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Some taxing questions about pensions

The uncertainty created by politics in pensions makes advice really tricky. Chris Budd wrote an excellent article on this and one which inspired me to pen a few words.

Having spent time attending the party conference season, I started to jot down the consensus manifesting itself around pensions policy. I, too, chose the topical area of pensions tax. If I include in the mix suggestions made earlier this year, the position is actually very clear…

Tax relief will continue to be granted at marginal rates, although they themselves are liable to change, along with the bands within which they are calculated.

Also, tax relief won’t remain at marginal rates, instead, replaced with a simple flat rate of between 20% and 30% – most likely 33.333333%. The deal will be ‘buy two or two and a bit or three and get one or a bit under or a little over one free.’ Yoyo pricing will also be central to the marketing, I suspect.

Auto enrolment at 8% will be even easier to explain: 3% from your employer, between 3.3335% and 3.75% from the employee and a round 1.25% to 1.6665% from the taxman. The only slight complication is that this isn’t 8% of basic or total earnings, rather, a band of earnings which is currently under review.

With a flat rate of tax relief, salary sacrifice will be even more straightforward, with almost everyone having to start completing a tax return. That will be a helpful simplification, allowing a more sporadic and unpredictable reciprocal exchange of money between individuals and the government.

So, in summary, higher rate tax will be removed for those earning over a certain salary, but everything else remains unchanged.

Having cleared that up, you then have the lifetime allowance, for which the position is again centring around one solid consensus: reduce it to £1m, leave it the same, increase it towards its previous level and remove it altogether in favour of a reduced annual allowance of £10k (or £20k or £30k). To be fair, the lifetime allowance has been largely untouched (apart from almost every year since it was introduced) and at least there are no protected arrangements in place to worry about (apart from the many thousands of people for which there are).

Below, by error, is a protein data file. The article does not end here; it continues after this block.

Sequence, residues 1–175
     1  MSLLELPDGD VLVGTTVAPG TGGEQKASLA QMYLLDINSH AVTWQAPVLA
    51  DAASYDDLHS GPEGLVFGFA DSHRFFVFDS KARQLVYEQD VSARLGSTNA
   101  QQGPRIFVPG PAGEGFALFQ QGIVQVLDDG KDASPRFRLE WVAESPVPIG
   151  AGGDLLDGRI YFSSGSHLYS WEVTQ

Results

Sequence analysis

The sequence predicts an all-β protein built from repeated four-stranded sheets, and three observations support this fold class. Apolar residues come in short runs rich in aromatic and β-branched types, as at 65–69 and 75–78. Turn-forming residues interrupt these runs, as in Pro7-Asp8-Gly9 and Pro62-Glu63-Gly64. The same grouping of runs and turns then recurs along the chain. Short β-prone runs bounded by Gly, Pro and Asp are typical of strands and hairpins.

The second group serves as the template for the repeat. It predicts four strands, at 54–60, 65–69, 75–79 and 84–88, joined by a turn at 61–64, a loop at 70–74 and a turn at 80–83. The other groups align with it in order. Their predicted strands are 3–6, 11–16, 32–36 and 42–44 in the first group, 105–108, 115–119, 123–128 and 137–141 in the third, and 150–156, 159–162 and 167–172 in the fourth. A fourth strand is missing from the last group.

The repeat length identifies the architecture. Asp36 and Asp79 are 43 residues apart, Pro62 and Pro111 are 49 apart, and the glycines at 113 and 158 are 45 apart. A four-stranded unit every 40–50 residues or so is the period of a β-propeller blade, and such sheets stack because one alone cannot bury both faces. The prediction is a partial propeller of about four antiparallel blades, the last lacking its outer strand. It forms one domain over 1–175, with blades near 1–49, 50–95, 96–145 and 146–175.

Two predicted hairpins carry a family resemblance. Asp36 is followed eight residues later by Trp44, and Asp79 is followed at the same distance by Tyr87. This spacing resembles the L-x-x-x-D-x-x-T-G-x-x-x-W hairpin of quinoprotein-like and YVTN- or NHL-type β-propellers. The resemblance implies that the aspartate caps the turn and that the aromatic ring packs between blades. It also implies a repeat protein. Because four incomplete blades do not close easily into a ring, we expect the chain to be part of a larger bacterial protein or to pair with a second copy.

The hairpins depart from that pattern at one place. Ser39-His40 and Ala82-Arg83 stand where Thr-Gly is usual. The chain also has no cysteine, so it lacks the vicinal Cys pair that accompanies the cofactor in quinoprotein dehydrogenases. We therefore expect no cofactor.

Tax free cash is clearly untouchable, so will be enshrined as it is (and phased out over time).

So clients can march forward with certainty that the choices they and their advisers make now will be good ones; the reverse of which is the point I believe Chris makes, and with much greater experience than me.

I write much of this tongue in cheek, of course, but hopefully it finds its point.

Automatic enrolment was built on consensus and, so far, it’s been a great success. It’s been tinkered with, for sure, but the fundamentals have remained the same under the tenure of three different parties now. There’s something to be said for that…

“For professional advisers only: everything can go up and down at any time, often unexpectedly. Nothing mentioned above constitutes anything remotely resembling advice. Any financial decisions made as a result will almost certainly be ill-informed.”

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